THE history of the decline and fall of Mitchell Johnson is of Roman Empire proportions.
The tattooed and pierced Queenslander, in a time before all-arm tattoo sleeves were the standard wear of every barista and tradie, burst onto the scene in 2008 with his searing pace and swing bowling.
He was the star in a floundering Australian team which was trying to work out how to continue winning after decades of success.
After the 2009 South Africa tour he was considered the best fast bowler in the world and won the International Cricket Council’s Cricketer of the Year award.
I think you can pinpoint where it all went wrong with Johnno back to a fateful day in the British summer of 2009, when he took part in a particularly devastating Ashes match.
All the Aussies had to do to win the first test in Cardiff was bowl out batting bunny Monty Panesar.
This is a man who averages just a little bit over five runs in both test and One Day International competitions; a man who makes Glenn McGrath look like Sachin Tendulkar; a man whose batting skill is probably equivalent to mine, and I have to constantly rely on the “you can’t go out first ball” rule to get me through the Christmas Day post-lunch cricket match.
They couldn’t get Monty out. The series, Australia’s pride and Johnson’s career was doomed from there.
Johnson has become increasingly more frustrating to watch, taunted by Australian and opposition supporters alike.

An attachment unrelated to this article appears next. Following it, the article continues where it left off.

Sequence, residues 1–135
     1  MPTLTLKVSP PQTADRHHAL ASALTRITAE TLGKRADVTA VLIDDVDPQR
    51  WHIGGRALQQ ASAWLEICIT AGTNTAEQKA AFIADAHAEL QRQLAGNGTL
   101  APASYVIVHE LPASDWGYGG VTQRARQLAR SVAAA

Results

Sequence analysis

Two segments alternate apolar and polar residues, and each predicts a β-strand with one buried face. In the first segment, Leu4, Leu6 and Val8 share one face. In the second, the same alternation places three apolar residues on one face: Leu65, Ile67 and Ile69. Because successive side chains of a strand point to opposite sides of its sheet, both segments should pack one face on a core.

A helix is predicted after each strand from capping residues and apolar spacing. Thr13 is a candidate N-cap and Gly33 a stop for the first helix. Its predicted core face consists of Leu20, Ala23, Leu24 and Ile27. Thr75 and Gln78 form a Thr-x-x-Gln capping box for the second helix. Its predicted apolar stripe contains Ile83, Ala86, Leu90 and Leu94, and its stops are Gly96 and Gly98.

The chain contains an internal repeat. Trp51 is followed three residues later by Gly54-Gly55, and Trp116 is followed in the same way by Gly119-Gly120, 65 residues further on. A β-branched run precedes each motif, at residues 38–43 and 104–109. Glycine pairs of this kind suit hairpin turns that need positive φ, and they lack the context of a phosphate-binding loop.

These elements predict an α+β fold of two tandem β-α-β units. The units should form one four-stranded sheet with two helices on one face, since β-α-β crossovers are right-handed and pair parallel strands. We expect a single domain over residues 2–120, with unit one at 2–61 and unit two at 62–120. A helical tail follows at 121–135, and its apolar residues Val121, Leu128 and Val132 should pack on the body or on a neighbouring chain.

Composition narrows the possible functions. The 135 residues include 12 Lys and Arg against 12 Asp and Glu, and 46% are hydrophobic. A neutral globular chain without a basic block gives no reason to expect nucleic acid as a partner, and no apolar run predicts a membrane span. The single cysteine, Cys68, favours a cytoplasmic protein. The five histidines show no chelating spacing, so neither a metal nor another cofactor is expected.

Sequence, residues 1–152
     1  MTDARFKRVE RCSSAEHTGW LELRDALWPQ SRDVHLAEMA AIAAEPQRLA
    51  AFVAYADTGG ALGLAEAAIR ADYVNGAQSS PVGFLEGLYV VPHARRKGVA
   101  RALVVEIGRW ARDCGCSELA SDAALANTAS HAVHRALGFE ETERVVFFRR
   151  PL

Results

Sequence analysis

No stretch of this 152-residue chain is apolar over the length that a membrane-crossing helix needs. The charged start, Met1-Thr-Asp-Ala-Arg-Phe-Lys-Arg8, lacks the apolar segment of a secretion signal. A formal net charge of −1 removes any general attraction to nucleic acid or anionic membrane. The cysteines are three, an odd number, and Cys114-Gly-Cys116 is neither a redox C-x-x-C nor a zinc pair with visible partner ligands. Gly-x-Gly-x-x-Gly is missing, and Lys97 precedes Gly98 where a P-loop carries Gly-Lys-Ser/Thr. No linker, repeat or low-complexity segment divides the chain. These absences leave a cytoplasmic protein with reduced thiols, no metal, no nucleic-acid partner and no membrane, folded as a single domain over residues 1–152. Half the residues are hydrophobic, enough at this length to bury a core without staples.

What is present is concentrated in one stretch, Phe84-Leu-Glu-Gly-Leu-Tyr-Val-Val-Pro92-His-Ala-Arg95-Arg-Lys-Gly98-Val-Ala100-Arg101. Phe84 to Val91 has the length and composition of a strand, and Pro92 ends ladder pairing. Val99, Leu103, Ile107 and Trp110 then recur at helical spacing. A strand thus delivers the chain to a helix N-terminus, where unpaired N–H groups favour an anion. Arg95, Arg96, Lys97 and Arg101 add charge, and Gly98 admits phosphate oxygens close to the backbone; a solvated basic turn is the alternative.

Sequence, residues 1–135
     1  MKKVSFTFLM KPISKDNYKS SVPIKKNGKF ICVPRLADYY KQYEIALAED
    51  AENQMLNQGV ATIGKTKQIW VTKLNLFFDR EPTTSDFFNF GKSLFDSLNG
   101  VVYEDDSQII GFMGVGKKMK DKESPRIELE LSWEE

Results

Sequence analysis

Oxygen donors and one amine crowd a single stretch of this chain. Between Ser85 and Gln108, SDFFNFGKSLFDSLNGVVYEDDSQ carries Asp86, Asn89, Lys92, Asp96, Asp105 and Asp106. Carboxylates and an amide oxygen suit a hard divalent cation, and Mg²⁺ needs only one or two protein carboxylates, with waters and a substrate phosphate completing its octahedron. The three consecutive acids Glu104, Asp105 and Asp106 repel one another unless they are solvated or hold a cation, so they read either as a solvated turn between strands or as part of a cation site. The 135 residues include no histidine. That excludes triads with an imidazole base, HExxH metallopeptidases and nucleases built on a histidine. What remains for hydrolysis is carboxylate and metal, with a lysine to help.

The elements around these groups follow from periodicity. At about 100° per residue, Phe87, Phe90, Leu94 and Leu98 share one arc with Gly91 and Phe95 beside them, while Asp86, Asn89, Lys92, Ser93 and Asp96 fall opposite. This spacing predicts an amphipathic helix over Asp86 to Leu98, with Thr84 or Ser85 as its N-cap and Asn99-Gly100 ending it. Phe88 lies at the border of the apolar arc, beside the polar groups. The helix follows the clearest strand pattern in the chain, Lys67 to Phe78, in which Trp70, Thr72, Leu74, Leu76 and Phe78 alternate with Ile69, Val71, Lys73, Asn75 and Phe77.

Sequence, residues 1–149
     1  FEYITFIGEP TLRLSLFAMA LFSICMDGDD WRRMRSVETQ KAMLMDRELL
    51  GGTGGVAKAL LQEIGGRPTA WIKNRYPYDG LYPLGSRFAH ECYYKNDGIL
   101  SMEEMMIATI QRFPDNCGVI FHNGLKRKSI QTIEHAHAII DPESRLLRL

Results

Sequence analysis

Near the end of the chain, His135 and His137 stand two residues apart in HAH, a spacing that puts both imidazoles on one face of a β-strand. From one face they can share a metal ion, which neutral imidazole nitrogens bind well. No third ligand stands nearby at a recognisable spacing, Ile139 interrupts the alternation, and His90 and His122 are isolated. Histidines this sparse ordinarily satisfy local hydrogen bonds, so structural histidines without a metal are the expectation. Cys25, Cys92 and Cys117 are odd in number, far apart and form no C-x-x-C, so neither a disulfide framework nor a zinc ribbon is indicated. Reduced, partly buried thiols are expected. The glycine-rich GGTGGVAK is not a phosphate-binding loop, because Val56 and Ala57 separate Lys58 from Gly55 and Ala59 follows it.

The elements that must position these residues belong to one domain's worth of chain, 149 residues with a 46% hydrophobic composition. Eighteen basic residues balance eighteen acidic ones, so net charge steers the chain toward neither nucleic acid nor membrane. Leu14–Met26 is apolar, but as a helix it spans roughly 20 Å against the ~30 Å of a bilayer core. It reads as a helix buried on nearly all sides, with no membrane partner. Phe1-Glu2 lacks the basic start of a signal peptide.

His problem is a distinct lack of control, like a drunk uncle at a wedding when the Village People comes on.
No one watching has any idea where the ball is going to end up, reminiscent of Matthew Richardson kicking for goal 10 metres out, dead in front.Johnson is more than capable of a toe-crushing yorker, ripping out middle stump and decapitating some kneecaps in one swift movement.
But he’s more often found sending down wayward bowls that trickle down the pitch, landing two metres out to the left of a confused batsman.
Hence, it is alarming to hear that Johnson is actually a fair chance to play in the third and deciding test match against South Africa on Friday.
I truly thought after last year’s summer we would never see him again.
Although there is a part of me that is buoyed by this news. Maybe the Aussie selectors are going to start trawling through past bowlers to find a way to break through the South African batting line up.
In my opinion, it is always time for another resurrection of Brad Hogg. The most enthusiastic man in cricket is always up and about, tongue out, rocking his side-parted hair which looks modelled on a 1940s debut photo.
And while we’re on hair, what about a return of Colin “Funky” Miller, he of the ever-changing coloured follicles? He was 34 when he made his debut for the Australian Test Team. He’s 48 now – quite a young’n for the current Australian Test Team.
I, like many others, was also a big fan of Queenslander Andy Bichel and would love to see him back in the baggy green.
He played in an era where the Aussies had countless excellent fast bowlers but when given the chance, always excelled.
Damien Fleming, Jason Gillespie, Paul Reiffel, Stuart MacGill... there are a plethora of past players I’d prefer to see ripping up the Proteas top order over Johnson.
But if we’re going to be serious about this (which I clearly am), I think there’s one fast bowler I’d choose above all others – Mike Whitney.
He could definitely slot in as a cheeky medium-paced bowling choice, and maybe some lucky person in the crowd will snag $50 for tight-roping over the WACA.